Austin

Josephine Kelly Ledesma Walker


By Monica Rivera

When she was being trained as an airplane mechanic in the 1940s, Josephine Ledesma was the only woman in her training group. Later, as an airplane mechanic at Bergstrom Air Field, she was one of three women out of her seven-person workgroup.

One typical scenario was having several people working on one plane.

"You had people working on the electric part, on the hydraulic part, on the engine," said Ledesma during an interview at her home. "I happened to work on the fuselage, the body of the plane."

Antonio Ramos Reyna


By Matthew Trana

When Tony Reyna arrived at Normandy Beach on June 9, 1944, three days after the D-Day launch, he couldn't believe his eyes.

"It was real rough," Reyna said. "...People cut in half. Some had no head, some had no legs. It was real bad."

Raymond Sanchez


By Rhonda Miller

World War II veteran Raymond Sanchez went bird hunting once with a Navy buddy in South Texas. The two friends, both Latinos, decided to stop for a beer at a little tavern on Highway 72 between Kennedy and Three Rivers.

"We came to this shed outside and all the Hispanics or Mexican Americans were drinking outside," Sanchez said. "I says, 'Hey man, it's September and it's hot, why don't we go inside?'

“He says, 'Raymond, we can't,' and I asked, 'Why?'

“He says, 'It's just the way it is, you know.'"

Eddie Sanchez


By Vicki Lamar

Eddie Sanchez was 17 years old when he saw the reality of war in Utine, Italy, in 1945. Horrified, he left camp without permission -- absent without leave, or AWOL. That act changed his life, as punishment was kitchen patrol duty. Before long he was running the kitchen and on his way to a distinguished 31-year Army career in Food Services.

Enrique Leon Saenz


By Jaime Stockwell

The sun squinted through the leaves, leaving subtle shadows on the cracked concrete sidewalk. There he stood, with a bag slung over his shoulder and a quarter in his pocket, defiant and determined. Success would be hard earned; he knew that from his father, and all the fathers before. But as he stood there -- glancing left, right, left, right -- he didn't seem to mind.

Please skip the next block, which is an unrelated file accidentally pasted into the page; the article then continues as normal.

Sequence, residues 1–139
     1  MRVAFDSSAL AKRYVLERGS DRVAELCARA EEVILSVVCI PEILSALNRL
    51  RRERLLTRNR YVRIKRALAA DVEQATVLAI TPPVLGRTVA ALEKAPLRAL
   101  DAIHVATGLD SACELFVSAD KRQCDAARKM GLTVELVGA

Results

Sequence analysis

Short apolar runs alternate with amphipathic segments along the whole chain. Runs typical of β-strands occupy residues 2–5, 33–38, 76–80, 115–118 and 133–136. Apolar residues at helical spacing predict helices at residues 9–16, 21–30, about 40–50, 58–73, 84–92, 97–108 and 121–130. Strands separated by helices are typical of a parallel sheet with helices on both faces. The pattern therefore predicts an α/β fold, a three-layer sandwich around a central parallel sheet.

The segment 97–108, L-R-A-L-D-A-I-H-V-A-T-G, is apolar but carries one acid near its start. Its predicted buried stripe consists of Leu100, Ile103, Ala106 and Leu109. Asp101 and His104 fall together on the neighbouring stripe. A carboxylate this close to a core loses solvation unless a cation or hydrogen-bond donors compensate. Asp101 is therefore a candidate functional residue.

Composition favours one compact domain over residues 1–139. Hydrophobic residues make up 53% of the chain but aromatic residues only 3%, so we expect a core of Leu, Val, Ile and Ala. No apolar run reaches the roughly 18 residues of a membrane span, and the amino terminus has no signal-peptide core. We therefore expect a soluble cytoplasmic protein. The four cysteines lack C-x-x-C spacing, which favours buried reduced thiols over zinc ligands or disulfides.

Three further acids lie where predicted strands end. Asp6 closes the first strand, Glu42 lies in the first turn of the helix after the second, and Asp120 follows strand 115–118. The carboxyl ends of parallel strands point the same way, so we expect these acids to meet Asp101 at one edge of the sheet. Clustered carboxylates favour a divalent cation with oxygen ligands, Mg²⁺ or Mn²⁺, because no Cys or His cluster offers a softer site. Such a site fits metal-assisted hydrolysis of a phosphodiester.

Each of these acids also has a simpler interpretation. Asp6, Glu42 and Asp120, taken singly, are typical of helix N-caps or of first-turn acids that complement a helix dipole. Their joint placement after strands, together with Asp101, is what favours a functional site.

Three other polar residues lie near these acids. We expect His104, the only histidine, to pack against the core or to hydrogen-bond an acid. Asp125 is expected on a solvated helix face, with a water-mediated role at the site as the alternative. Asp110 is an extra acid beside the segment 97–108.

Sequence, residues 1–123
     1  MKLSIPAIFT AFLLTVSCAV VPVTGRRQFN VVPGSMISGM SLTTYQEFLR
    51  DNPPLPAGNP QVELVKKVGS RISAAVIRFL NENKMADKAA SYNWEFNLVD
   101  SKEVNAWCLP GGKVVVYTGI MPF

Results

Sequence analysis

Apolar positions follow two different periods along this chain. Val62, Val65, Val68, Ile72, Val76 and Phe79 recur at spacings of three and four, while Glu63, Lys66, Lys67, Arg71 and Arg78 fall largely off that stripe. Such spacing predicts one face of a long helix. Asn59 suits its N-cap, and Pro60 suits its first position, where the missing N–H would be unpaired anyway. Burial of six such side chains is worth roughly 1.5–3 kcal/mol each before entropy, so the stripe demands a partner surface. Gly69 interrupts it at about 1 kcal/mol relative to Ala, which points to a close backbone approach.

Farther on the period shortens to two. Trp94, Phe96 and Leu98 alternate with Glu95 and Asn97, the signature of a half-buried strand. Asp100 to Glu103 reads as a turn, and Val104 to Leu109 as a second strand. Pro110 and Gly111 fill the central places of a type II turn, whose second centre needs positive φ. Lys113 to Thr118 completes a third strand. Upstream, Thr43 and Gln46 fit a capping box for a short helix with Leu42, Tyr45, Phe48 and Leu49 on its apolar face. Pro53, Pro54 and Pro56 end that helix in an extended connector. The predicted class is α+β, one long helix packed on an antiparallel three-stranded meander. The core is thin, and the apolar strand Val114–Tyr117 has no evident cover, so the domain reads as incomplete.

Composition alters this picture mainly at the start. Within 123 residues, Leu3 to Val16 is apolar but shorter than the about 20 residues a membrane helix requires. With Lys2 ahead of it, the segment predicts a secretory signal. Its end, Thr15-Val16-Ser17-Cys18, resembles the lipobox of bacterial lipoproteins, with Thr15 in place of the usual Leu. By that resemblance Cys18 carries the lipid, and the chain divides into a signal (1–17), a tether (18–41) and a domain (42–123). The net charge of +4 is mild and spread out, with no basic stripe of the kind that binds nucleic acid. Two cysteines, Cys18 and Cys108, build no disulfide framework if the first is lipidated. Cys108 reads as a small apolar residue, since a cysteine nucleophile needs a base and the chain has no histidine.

Benito L. Rodriguez


By Andria Infante

Benito L. Rodriguez served 20 years in the service and doesn't regret a single second.

Rodriguez went in willingly, volunteering to serve his country; in the course of his tour of duty, he risked his life and was awarded a Purple Heart.

Speaking from the dining room at his South Austin home, Rodriguez discussed his life before and after the war. His wife, María Elisa Reyes Rodriguez, sat by his side and helped fuel his memory. A well-groomed man, Rodriguez maintained a serious demeanor and kept his answers short and to the point.

Morris Riojas


By Frank Trejo

Morris Riojas lived through some of the most horrific and brutal fighting of the Pacific during World War II.

In campaigns from the Solomon Islands to the Philippines, he witnessed countless deaths, both Japanese and allied soldiers, and was himself wounded three times.

"I don't know how I got through it," he said, sitting in the kitchen of the East Austin home he built after returning home from his service in World War II. "You just lived from day-to-day and just prayed a lot."

Mary Colunga Carmona Resendez


By Cliff Despres

Austin resident Mary Resendez remembers exactly where she was on Dec. 7, 1941, the day the Japanese bombed Pearl Harbor: where she usually was on Sunday -- at Mass.

"We heard [about the bombing] on a Sunday at church," said the 74-year-old Resendez, who was 14 when World War II broke out. "We just prayed to God that it (the war) wouldn't come over here.

Francisco Rodriguez Resendez


By Katherine Hearty

It was Frank Resendez's first night in New Guinea in November of 1943 and his company had carelessly left on the residential lights. A mistake that could have cost them their lives, as the rumbling and reverberating of detonating war bombs thundered throughout the night sky.

Luckily, however, the company was spared.

Resendez's journey to World War II began 22 years earlier in the town of Bluff Springs, Texas, about 10 miles south of Austin.

Born Francisco Rodriguez Resendez on Jan. 29, 1920, he lived in Texas until he was 9 months old.

Mary Martinez Olvera Murillo


By Ana Cristina Acosta

For most Americans, walking down the street, entering a restaurant through the front door or going to the grocery store is routine. But for Mary Murillo, 75, who grew up at a time when Mexican Americans suffered blatant discrimination, those simple things weren’t always possible.